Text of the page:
During Christ’s final week He taught in the temple, “and each evening he went out to spend the night on the hill called the Mount of Olives.” We don’t know what he did on that hardscrabble heap, certainly didn’t get a good night’s rest. I’ve been there, nothing but rocks and roots! I bet he prayed though. A lot! In fact, my guess is He was interceding for the disciples, asking the Holy Spirit to finish the work He began.
Intercession. It’s what Jesus modeled, and is still doing “at the right hand of God.” (Romans 8:34) He’s in the crease stretched out between heaven and earth, uniting our hearts to our home in heaven, and lifting up tired arms.
When we intercede in prayer, we join the suffering of our fellow man, while at the same time drawing closer to God. A person who has learned to pray becomes a lonely prophet, for he lives in the place where love for men draws him closer to their sin than he wants to be, and love for God draws him away into a solitary spiritual rest. Jeremiah is a good example—a lonely outpost of spiritual intensity; misunderstood, obeying when nothing felt right, and playing the prophets hand for the prophet’s reward—sorrow & suffering.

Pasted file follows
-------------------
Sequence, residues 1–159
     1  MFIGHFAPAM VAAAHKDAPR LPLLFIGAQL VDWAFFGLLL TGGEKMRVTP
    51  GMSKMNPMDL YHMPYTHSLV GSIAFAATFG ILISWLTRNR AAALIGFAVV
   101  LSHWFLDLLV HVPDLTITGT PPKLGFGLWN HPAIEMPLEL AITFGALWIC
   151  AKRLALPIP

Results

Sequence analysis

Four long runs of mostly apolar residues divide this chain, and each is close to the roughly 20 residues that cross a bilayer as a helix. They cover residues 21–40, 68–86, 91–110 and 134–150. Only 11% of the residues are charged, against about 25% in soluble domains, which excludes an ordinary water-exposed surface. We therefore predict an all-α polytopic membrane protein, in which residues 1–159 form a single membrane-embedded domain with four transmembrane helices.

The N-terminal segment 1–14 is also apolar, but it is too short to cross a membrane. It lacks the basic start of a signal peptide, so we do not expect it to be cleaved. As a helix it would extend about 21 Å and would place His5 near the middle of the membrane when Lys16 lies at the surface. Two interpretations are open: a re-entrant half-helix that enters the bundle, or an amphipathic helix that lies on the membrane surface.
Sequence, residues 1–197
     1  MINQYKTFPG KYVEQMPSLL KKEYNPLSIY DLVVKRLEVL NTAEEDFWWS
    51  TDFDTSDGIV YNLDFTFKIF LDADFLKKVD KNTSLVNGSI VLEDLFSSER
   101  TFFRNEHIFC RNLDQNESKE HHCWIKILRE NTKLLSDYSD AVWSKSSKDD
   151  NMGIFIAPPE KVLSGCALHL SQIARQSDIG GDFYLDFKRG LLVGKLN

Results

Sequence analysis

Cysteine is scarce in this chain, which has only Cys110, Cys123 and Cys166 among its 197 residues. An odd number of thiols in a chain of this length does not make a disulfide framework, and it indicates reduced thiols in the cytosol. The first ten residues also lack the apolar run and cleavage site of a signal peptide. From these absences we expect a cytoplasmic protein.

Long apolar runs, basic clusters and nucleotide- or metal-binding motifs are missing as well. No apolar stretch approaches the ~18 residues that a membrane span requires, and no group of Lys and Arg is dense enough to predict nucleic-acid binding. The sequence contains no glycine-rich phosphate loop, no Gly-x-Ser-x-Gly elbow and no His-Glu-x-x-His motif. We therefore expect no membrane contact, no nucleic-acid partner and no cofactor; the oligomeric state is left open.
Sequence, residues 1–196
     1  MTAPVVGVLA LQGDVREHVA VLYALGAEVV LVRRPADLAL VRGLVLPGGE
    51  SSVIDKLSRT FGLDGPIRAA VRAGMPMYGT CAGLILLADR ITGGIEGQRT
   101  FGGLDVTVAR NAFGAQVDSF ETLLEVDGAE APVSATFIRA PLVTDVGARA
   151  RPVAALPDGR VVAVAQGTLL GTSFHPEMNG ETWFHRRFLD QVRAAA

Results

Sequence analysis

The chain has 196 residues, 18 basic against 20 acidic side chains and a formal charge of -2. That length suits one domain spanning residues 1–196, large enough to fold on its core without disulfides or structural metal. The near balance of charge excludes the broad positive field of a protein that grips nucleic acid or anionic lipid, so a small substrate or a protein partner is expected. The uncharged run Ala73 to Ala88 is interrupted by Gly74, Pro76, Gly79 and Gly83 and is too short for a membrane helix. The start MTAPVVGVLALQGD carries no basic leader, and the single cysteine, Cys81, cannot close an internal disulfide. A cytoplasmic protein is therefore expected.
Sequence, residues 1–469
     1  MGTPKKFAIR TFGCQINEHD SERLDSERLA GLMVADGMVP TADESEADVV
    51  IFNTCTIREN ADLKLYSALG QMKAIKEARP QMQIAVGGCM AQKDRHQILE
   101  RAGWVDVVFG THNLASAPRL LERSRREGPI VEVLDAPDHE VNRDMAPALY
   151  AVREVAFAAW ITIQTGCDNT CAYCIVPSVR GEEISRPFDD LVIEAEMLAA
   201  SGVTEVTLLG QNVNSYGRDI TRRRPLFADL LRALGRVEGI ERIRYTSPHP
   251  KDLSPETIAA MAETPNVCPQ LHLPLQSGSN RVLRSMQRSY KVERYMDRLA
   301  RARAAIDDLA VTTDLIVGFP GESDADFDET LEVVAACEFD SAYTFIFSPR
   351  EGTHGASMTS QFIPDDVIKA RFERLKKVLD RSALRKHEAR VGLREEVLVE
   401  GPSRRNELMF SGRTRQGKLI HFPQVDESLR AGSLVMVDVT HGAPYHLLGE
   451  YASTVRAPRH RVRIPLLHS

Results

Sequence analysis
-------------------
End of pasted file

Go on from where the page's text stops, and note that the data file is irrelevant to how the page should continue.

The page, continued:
The next time you ascend your ‘hardscrabble heap’, remember that Jesus prays for you. What does he ask the Father? I imagine it’s the same as He did for those first disciples. “Holy Spirit, remind them of your eternal presence, sweep them into Father’s arms, cleanse them from sins of dominion, build courage from the throes of failure, overcome their reluctance to pray, motivate them to faith, and breath life into their tired limbs.”
When we participate with Christ in intercession, we are doing what He constantly does, and therefore becoming more like Him with every pleading breath.
Invite around you a team of seven to intercede for you.
Ask God to give you a hunger for the ministry of intercession.